FORT MILL, S.C. — This week is Fire Prevention Week and this week’s theme is all about fire safety in the kitchen.
According to the National Fire Protection Association, cooking is the leading cause of United States home fires and home fire injuries.
Every year, the National Fire Protection Association collects data on fire incidents to determine a theme.
And this year, more people are at home because of COVID-19. With that, the NFPA is serving up fire safety in the kitchen.
To celebrate Fire Prevention Week, the town of Fort Mill and the Fort Mill Fire Department are hosting several online activities related to cooking safety and exit drills in the home.
Some include coloring contests for children and teens, home fire escape plans for adults to teach their children and virtual story time with Sparky the fire dog.
They’re also teaming up with Toppers Pizza to deliver a fire prevention week brochure with your order.
When it comes to cooking safety, we’re told to focus your attention while cooking. Never leave your stove and grill unattended.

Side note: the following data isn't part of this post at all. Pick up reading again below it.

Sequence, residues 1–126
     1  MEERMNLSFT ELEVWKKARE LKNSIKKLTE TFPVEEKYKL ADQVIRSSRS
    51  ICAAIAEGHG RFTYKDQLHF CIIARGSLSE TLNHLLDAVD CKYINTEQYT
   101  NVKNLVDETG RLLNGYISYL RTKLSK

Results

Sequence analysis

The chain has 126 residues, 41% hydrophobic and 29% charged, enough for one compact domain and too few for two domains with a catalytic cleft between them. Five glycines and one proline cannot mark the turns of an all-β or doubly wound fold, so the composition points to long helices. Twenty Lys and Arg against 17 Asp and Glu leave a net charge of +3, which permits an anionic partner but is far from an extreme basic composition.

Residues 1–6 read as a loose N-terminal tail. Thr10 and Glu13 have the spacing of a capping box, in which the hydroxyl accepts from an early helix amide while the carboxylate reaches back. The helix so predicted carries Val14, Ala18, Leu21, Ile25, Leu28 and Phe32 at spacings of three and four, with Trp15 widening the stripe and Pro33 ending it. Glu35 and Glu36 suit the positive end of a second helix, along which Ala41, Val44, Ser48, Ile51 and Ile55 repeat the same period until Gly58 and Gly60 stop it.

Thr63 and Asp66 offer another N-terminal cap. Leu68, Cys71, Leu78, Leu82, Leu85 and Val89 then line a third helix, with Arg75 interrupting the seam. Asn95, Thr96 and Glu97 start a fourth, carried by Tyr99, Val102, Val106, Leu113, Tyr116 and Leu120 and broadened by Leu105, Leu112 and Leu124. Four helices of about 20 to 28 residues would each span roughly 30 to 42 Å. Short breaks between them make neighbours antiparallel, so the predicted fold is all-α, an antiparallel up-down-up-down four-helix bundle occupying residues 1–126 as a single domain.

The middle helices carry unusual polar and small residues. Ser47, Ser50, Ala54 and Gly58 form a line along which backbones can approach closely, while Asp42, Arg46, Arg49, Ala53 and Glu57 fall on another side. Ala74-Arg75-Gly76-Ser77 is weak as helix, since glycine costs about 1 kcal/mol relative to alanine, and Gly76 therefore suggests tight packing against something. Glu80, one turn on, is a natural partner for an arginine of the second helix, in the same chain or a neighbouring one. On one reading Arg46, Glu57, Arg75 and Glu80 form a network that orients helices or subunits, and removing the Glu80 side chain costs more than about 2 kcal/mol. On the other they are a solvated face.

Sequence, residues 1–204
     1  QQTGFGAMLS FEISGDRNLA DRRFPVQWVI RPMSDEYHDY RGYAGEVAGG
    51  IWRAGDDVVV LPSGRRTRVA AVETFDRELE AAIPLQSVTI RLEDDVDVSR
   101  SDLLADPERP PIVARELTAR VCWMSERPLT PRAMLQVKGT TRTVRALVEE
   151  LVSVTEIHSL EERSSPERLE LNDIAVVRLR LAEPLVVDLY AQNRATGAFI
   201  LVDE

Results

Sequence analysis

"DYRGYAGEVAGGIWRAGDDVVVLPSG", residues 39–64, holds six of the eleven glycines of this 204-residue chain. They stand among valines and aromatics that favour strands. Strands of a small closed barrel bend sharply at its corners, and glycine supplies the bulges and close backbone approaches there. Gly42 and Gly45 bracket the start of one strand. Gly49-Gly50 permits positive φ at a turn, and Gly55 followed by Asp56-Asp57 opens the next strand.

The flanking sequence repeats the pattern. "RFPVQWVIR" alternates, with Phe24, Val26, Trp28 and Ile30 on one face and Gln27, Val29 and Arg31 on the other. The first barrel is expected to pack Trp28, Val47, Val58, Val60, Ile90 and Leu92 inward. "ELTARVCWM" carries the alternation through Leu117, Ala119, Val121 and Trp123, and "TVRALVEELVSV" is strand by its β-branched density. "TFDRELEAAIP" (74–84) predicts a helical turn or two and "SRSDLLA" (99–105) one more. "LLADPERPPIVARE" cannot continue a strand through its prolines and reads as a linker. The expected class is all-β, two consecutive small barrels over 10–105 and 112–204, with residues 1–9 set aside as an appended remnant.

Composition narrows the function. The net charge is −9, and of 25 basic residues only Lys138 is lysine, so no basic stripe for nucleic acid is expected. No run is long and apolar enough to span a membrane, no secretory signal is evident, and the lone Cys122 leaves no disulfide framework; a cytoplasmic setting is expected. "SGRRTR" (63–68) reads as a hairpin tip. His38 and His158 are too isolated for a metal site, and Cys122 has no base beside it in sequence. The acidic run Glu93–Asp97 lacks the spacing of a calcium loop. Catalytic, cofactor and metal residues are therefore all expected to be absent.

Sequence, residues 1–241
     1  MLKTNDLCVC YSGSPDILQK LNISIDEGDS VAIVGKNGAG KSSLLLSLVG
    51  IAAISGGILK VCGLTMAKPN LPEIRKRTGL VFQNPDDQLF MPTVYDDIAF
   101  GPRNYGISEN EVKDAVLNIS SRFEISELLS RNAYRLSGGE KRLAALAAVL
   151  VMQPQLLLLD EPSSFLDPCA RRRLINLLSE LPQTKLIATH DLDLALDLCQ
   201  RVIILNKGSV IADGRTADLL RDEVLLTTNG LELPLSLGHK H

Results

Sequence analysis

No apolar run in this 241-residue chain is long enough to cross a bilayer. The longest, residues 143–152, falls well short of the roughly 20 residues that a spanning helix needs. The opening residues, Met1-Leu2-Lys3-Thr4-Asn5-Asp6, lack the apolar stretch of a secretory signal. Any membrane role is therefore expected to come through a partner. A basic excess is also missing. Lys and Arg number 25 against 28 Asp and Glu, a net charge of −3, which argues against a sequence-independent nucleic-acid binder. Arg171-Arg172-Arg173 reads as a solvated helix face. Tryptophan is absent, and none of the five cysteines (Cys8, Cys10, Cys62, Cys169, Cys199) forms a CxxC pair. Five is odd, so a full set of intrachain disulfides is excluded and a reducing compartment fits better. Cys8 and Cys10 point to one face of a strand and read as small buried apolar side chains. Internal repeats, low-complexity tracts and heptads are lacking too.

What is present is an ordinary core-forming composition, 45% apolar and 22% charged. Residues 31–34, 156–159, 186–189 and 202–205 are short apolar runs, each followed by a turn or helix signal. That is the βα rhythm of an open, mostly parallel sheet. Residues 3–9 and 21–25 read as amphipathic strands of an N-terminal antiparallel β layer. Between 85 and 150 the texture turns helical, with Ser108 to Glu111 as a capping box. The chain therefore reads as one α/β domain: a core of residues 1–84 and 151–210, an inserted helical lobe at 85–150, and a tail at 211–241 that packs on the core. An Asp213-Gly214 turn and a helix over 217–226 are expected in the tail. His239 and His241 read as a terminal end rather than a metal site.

Watch for flammable products like utensils, potholders, wrappings and other materials.
Annually, Fort Mill Fire Chief Chipper Wilkerson says there are approximately 175,000 cooking fires a year, around 550 deaths and 4,500 civilian injuries from cooking.
He says these are no small numbers and something worth discussing.
“Do not not leave things unattended, stay focused on it,” Wilkerson said. “As your getting into the holiday season, if you are consuming alcohol or anything like that, be careful. Those things can get out of hand quickly. Right now, within the general world of COVID, is there’s a lot more people at home including teenagers or teenage aged populations that are home more now. They are probably cooking for themselves some so it’s a good point for parents to talk about cooking safety and just general safety guidelines as being at home alone.”
Depending on what type of kitchen fire, occupancy and whether it’s commercial or residential, firefighters will use a chemical extinguisher, instead of water to take out grease fires, for example.
In addition to cooking fire safety tips, fire officials say always discard smoking products properly, don’t overload your circuit protectors in your home and maintain and clean appliances, like your dryer and vents.
Pre-COVID days, the Fort Mill Fire Department worked with neighborhood organizations and HOA groups, visited schools and held events in the town to educate folks on fire safety and prevention.
You can follow the Town of Fort Mill on Facebook, Instagram and Twitter and the Fort Mill Fire Department on Facebook during the week for details on each of the events.
Fire Prevention Week is an annual initiative that was started by former President Woodrow Wilson in 1922.
Past themes included candle fire safety and home escape routes.